What causes a shower to get dirty?

Dirt & hair. Day to day use of your shower will cause ordinary dirt and hair washed from your body to accumulate in your bathroom shower and in the drain (pretty obvious right?).

Soap scum. In addition to the obvious dirt, soap scum will build up over time on your shower walls and fittings. Soap scum forms when soap is mixed with ‘hard water’ or water that contains minerals such as calcium and magnesium. All household water (and even bottled water) contains minerals that will cause soap scum to form. How ‘hard’ your particular household water is will impact on how much soap scum forms over a given amount of time. The chemical reaction that occurs to form soap scum technically creates a ‘lime soap’, which is really ineffective for cleaning and washing (plus it looks gross in your shower).

Mold and mildew. They thrive in warm and wet environments, just like your shower. Puddles of water eventually drying increase the humidity in your bathroom, combine this with poor ventilation or air flow and you’ve got a fungus feast! Yuck!

Why even clean a shower?

Nobody really likes cleaning their bathroom – and no matter how much time you spend cleaning it, it’s just going to start getting dirty from the first shower after you’ve finished cleaning it, so why even bother?

For the looks. No one likes the sight of a dirty, moldy, soap-scum-filled shower. Everyone loves a sparkling, shiny and good-as-new bathroom. You’re not going to impress your girlfriend/boyfriend with an ugly messy shower… they might never stay over again!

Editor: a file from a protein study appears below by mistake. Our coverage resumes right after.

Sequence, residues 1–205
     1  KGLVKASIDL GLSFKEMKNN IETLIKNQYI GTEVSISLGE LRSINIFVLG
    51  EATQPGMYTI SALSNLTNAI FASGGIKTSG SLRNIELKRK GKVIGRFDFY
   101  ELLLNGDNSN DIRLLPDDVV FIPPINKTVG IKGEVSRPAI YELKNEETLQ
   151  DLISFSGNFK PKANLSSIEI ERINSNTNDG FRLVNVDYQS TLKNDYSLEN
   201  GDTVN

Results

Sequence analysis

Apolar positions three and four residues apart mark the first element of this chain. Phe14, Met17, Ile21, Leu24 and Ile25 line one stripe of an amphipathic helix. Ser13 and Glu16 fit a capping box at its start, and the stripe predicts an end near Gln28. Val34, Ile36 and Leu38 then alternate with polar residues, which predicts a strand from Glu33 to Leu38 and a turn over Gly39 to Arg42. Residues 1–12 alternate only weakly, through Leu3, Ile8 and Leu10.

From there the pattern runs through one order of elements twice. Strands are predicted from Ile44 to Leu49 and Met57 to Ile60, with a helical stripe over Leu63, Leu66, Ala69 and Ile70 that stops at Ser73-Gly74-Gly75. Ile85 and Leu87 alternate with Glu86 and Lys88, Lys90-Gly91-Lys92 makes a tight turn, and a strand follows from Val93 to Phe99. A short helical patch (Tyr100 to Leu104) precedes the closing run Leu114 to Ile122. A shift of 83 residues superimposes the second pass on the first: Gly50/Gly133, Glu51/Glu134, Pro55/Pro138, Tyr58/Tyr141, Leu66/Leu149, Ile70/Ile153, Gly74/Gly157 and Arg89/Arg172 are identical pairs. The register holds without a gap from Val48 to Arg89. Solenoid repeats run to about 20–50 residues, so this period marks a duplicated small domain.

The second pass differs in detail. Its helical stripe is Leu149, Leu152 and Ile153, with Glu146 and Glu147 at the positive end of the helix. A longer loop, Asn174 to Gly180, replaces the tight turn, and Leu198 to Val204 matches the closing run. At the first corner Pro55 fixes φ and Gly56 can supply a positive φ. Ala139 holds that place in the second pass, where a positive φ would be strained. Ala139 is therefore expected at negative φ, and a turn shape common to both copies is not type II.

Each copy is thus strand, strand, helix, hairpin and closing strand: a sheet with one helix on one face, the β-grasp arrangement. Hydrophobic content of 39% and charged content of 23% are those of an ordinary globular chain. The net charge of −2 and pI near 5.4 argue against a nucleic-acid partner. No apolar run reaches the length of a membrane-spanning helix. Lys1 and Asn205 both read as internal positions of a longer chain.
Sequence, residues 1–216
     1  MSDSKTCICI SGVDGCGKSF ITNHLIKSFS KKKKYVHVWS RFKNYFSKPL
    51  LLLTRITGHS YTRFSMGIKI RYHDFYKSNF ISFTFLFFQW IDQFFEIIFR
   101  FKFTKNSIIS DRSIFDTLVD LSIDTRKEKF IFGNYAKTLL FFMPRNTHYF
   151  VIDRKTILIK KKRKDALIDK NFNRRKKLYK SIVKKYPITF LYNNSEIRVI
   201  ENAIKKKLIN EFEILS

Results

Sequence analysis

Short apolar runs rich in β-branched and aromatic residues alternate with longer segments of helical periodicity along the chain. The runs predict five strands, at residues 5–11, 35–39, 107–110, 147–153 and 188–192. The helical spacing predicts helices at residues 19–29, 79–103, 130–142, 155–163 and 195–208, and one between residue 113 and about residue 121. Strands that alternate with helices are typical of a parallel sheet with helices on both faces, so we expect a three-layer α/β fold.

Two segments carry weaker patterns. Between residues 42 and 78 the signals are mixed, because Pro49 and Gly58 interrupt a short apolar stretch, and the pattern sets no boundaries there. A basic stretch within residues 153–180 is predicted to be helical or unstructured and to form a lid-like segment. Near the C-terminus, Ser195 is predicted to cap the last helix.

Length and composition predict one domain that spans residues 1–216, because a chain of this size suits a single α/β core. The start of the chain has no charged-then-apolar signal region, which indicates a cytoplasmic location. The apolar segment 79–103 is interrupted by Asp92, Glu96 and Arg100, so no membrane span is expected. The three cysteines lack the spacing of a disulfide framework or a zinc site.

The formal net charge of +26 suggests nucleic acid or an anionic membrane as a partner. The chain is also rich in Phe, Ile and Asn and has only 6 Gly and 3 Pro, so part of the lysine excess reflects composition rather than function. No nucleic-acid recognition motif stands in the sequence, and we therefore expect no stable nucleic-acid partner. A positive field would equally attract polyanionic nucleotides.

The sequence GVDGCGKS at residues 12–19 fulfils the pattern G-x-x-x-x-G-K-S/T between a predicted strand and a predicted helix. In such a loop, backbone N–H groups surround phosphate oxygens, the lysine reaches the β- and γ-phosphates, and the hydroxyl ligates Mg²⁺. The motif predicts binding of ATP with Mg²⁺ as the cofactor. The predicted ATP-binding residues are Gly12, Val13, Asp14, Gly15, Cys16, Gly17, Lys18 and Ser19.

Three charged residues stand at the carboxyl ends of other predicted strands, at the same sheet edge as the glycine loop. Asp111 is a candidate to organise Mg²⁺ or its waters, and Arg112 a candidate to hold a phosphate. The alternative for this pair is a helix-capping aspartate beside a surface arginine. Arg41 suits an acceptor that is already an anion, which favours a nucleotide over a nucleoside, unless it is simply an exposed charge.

For the feel. A clean shower head spray will have more pressure and better direction. Unclean bathroom tiles can feel slippery and slimy in the shower. We don’t think we’ll find a sane person who likes the touch and feel of a fuzzy mold in their shower either! Clean just feels better.

For your health. Mold and mildew in the shower can cause you and your family to become sick or unwell. Also, soap scum on vinyl shower curtains has been shown to have a rich ‘biofilm’ hosting bacteria and other microbes – see this page on Wikipedia for more: https://en.wikipedia.org/wiki/Soap_scum. A clean shower floor can help prevent the spread of foot fungus such as athletes foot or tinea. Keep your health great by keeping your great shower clean.

How regularly should you clean your shower?

Generally speaking, a basic clean once a week should be sufficient to keep your shower looking good, feeling good and healthy.

Rinsing the shower walls quickly after each shower helps prevent dirt and soap scum build up. If you rinse your shower often and have good ventilation with airflow in your bathroom, you might be able to stretch to doing a clean every two weeks. Though this might not work if your shower gets a lot of use by the family or if you have a very dirty job (or hobby).

If you leave it too long between cleans, the cleaning becomes much harder. As soap scum builds up more and more, it becomes very difficult to remove, requiring harsher cleaning products or more elbow grease. Also, longer periods between cleans gives mold and mildew a greater chance of getting established. In our experience, a quick clean often is easier, quicker and cheaper than a deep and troublesome clean less often.

What to clean and how

Shower walls, tiles & stall

  • Try get some airflow into your shower area and bathroom. Open a window or turn on your bathroom fan.

  • Use rubber gloves & bathroom shower cleaner with spray bottle.

  • Rinse your shower first with a wet cloth or your hand held shower head.

  • Spray your bathroom cleaner onto your shower walls and glass (following the instructions on the bottle).